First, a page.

International Women's Day is held each year in March to help forge a gender equal world.
Celebrating women's achievements and increasing visibility, while calling out inequality, is key.
This years theme of International Women’s Day (IWD) is #BreakTheBias’.
For our team the area of bias we spent time talking about in preparation for IWD 2022 was working mothers.
A number of women in our team shared stories of how this bias continues to plague them in the work place and how damaging it is to the overall advancement of women and even workplace culture in general.
The global archetype of the ideal worker has always been someone who is ‘married to their job’.
This is not a healthy benchmark for any gender, but for the working mother this places even more pressure on the juggle she already faces and that’s before considering the emotional tug of war they are in.
Research shows that motherhood triggers a number of (false) assumptions that can negatively affect their experience at work. These include but are not limited to:
The comment was made that motherhood bias is not just directed from male colleagues’ either. We all agreed that it was important to be aware that other women and even other mothers are guilty of leaning into this bias.
We love the tips from www.leanin.org and will all be committing to respond to bias when it occurs.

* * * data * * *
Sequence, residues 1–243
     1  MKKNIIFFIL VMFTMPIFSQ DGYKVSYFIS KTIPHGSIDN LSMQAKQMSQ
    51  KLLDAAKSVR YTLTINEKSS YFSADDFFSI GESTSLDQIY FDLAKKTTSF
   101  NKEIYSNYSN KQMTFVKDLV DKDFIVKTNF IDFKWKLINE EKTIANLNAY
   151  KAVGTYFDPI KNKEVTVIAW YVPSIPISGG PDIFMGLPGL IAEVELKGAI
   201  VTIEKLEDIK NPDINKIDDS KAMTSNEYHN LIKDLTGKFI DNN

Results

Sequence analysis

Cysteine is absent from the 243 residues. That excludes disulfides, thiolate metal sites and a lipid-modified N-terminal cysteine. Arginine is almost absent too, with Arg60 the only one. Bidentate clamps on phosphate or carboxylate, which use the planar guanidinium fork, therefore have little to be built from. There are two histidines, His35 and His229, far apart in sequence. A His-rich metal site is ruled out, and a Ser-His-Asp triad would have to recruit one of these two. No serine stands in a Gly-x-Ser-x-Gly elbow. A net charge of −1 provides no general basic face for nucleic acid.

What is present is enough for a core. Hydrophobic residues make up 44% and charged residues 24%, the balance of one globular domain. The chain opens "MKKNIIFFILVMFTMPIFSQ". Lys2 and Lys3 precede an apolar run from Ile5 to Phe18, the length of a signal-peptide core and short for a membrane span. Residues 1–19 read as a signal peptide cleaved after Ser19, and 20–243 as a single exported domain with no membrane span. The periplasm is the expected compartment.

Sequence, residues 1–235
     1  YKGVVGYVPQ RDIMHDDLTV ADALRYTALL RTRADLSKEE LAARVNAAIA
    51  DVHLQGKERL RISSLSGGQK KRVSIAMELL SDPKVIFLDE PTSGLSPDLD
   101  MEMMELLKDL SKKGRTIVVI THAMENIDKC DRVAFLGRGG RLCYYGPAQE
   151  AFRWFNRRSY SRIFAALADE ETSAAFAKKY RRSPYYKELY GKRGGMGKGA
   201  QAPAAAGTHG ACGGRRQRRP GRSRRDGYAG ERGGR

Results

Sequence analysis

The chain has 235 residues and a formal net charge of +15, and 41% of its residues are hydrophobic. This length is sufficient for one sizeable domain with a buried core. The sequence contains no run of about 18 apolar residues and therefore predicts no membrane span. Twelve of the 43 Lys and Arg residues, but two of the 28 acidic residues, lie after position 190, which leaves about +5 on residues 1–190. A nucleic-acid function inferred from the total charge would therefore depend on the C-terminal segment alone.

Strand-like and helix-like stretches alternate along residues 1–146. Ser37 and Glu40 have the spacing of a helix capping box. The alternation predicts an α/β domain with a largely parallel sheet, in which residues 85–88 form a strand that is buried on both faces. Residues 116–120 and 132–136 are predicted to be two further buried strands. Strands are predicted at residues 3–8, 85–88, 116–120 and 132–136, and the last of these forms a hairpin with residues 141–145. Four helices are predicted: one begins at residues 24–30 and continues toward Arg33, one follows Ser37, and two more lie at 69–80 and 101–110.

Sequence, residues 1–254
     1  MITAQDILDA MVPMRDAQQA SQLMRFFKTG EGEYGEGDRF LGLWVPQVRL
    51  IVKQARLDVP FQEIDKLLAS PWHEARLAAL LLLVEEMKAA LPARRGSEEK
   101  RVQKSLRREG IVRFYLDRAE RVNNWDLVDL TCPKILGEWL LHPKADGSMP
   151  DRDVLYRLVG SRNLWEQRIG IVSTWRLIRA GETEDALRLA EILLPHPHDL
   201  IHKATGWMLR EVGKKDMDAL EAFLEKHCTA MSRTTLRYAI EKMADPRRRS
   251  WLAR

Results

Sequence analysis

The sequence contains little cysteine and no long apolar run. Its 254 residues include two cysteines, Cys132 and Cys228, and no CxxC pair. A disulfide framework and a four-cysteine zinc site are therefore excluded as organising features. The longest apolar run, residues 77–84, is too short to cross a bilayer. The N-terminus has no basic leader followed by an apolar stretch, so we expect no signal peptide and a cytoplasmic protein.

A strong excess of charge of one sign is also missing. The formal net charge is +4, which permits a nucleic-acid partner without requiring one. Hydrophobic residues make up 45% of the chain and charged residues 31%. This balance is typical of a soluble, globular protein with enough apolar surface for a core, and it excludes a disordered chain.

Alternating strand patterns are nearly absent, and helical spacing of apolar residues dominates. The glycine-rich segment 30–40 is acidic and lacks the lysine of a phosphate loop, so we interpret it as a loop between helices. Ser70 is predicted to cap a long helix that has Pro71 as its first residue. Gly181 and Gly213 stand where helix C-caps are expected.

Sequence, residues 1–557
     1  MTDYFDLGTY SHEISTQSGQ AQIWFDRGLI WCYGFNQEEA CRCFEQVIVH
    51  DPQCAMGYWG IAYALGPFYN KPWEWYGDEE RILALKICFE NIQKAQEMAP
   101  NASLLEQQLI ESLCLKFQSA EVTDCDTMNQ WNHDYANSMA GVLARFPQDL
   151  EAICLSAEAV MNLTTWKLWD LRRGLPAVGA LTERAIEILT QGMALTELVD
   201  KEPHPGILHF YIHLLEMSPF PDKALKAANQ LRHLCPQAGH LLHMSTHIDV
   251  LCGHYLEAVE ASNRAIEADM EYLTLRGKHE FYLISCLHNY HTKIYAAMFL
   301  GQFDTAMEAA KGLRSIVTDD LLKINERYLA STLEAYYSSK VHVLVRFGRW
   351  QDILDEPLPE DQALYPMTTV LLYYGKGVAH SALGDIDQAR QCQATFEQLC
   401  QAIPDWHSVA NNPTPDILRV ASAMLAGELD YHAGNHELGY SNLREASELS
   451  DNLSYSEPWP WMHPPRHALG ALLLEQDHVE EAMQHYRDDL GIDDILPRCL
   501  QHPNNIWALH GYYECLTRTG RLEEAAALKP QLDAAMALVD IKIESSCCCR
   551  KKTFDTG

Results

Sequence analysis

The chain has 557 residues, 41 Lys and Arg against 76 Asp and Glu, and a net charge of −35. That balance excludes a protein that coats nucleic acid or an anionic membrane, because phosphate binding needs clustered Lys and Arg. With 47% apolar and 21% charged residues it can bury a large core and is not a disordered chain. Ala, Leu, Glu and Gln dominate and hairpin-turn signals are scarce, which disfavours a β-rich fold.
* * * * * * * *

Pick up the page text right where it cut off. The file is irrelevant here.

For example, remind people of a colleague’s talents or ask to hear from someone who was interrupted. Or when someone says something incorrect (e.g., assumes a woman is more junior than she is), matter-of-factly correct them—either in the moment or in private later.
Ask a question that makes your colleague examine their thinking—“What makes you say that?” “What are some examples of that?” This can help people discover the bias in their own thinking.
When you can, shift the conversation toward concrete, neutral information to minimise bias. For example, if someone makes a subjective or biased comment in a hiring or promotions meeting, refocus attention back to the list of criteria for the role.
Surface hidden patterns you’ve observed and explain what they mean. Research shows that a matter-of-fact explanation can be an effective way to combat bias. For example, mention to a hiring committee that you've noticed they tend to select men over women with similar abilities, or point out to your manager that women are doing more of the "office housework."
Talk to HR or leadership at your company and recommend best practices that reduce bias.
Imagine a gender equal world. A world free of bias, stereotypes and discrimination. A world that's diverse, equitable, and inclusive. A world where difference is valued and celebrated. Together we can forge women's equality. Collectively we can all #BreakTheBias. (source: www.internationalwomensday.com)
Celebrate women's achievement. Raise awareness against bias.